Tracing the journey of my diverse ancestry from coal mines to farmlands in Australia

Oct 22, 2023
An article I read explained, we are here because of our many ancestors. Source: Getty Images.

I recently had the pleasure of meeting a third cousin from my father’s side, for the very 1 st time. In fact, she is the first relative I have met that is from dad’s, father’s (my grandfather) side of the family. My dad was an only child and while his parents and my grandparents kept in touch, they separated early into their marriage and my father lived with his mother, my grandmother, while he was young until he joined the army at a very young age.

An article I read explained, we are here because of our many ancestors. We all have 2 parents, 4 grandparents, 8 great Grandparents, 16 great great grandparents, and on and on it goes. It really brings it home, that it is because of all these people, we exist in the here and now. My great grandparents were all immigrants, coming from England, Scotland, Ireland, Poland, and Germany, all arriving in the mid to late 1800s, giving me a very interesting and mixed heritage. They were all humble, common, hardworking folk. Coal miners, farm labourers, and domestics, none of them owning land themselves until arriving in Australia.

There were varying reasons for them making the hard decision (in some cases) to leave their beloved home country. Political, financial, and possibly persecution, lead them to pack up their meagre belongings, and their beloved family members and board the vessels that took them on that long, and often perilous, ocean voyage to the promise land of Australia.

Father’s Scottish/English ancestors settled in Ipswich Queensland. My great-grandfather and grandfather were both coal miners in the area until ill health, forced upon them from the harsh conditions in the coal mines of the past, hastened their retirement. My German and Irish ancestors on my father’s side, settled in the Toowoomba district and were mostly farmers or farmhands. The journey would have been a long one from Brisbane, but they were rewarded with fertile soil and glorious countryside. The heat, I would imagine would have been something they were not akin to, but they persevered and made this place their home.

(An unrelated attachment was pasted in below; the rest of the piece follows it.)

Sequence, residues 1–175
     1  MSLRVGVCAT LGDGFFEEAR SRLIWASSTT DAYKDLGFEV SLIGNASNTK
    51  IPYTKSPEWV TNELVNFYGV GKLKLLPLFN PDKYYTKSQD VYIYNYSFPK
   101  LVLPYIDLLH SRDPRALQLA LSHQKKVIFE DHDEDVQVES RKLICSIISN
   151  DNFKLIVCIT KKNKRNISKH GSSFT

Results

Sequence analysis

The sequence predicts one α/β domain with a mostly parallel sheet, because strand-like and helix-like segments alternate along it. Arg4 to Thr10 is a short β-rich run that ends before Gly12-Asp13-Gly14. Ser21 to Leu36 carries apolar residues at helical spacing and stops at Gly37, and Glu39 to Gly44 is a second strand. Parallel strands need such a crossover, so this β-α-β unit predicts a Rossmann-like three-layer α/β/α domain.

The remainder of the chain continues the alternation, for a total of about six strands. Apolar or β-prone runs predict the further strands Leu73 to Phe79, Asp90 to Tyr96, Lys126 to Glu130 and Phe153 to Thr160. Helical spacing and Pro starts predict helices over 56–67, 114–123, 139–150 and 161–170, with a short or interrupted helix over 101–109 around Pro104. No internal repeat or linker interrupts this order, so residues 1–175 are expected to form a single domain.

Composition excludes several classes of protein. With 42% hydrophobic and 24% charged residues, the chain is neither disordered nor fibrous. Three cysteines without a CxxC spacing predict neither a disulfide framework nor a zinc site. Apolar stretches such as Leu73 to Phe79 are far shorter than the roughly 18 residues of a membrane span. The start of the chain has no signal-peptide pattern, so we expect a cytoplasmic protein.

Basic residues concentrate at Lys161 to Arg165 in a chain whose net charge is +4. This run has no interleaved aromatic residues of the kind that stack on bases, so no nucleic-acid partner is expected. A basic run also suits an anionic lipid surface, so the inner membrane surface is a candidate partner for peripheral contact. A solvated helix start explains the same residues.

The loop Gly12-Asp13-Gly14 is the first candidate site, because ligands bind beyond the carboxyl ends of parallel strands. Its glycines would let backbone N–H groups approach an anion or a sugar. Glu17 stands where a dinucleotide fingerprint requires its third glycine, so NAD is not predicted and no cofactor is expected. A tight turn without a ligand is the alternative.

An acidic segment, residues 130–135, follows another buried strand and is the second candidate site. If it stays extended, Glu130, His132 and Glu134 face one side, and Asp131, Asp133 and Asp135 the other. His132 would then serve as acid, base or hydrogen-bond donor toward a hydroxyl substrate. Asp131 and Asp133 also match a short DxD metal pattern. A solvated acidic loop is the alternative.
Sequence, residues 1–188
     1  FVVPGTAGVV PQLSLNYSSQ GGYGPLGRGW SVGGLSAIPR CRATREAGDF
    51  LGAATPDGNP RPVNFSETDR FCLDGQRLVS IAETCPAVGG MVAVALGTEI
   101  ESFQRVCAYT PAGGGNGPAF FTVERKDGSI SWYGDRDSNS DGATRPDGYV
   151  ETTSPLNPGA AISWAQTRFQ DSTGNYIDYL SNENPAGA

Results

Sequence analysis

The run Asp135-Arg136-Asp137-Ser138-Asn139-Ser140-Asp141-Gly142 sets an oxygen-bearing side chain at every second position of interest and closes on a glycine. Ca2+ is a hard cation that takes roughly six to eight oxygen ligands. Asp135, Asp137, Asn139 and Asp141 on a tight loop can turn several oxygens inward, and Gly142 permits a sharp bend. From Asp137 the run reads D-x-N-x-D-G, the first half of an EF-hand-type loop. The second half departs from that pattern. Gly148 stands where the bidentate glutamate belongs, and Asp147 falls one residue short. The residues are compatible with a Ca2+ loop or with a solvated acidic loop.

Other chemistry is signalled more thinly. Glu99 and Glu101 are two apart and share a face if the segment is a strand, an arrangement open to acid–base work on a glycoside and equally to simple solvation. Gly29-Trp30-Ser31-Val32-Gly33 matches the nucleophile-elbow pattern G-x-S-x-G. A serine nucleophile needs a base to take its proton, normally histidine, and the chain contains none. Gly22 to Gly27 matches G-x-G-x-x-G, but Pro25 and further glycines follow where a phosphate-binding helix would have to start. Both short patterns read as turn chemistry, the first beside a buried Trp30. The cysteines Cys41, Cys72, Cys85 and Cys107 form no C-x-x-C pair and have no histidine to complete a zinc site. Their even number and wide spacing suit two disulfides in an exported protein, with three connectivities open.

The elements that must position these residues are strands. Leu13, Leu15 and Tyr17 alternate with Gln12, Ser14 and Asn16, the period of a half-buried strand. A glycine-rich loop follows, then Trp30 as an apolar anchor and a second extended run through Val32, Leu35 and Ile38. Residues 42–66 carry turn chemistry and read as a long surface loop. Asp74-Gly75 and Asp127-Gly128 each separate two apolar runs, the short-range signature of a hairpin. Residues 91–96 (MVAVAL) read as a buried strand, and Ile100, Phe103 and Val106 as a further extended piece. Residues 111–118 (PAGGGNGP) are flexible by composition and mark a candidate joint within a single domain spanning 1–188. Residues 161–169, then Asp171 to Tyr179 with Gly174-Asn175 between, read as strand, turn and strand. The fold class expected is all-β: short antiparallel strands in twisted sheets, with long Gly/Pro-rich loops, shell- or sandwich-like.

I have many, many relatives in the Darling Downs/Toowoomba region, as families were big in those days, and have met a few 2nd and 3rd cousins, but my quest for knowledge continues. My mother’s German grandfather’s family arrived in Brisbane and made the long journey, in those pre-motorised vehicle days, along dirt roads, tracks, and ranges, to eventually settle in Prenzlau, a district near Marberg in the Lockyer Valley.

Descendants farmed in the district and in Glenore Grove, from the 1800s up until the 1980s, until interest in farming and pressure from large enterprises, made it unattractive and not viable for the younger generation to continue. ‘The Farm’ as we called it, was subdivided and sold off. I have so many fond memories of holidays and extended stays at ‘The Farm’ and still have cousins that reside in these districts, but of course, they no longer are farmers.

My mother’s Polish ancestors settled in the Bethania, and Beenleigh areas and were farmers and dairy
farmers. I have not had the privilege of meeting many of these hardy folk. However, there is a park, Noffke Farm Park’ named after mums, others, and descendants near the Logan Hospital.

Somehow, and I will probably never know how my grandparents met one another, and married, my parents came to be, and well the rest is history. I honour and respect these hard working, steadfast people I call my ancestors. They have instilled into my DNA, my love of family, and love for the land and nature and I will never take for granted the things these people gave up, to be brave enough to venture forth and settle here in Australia.

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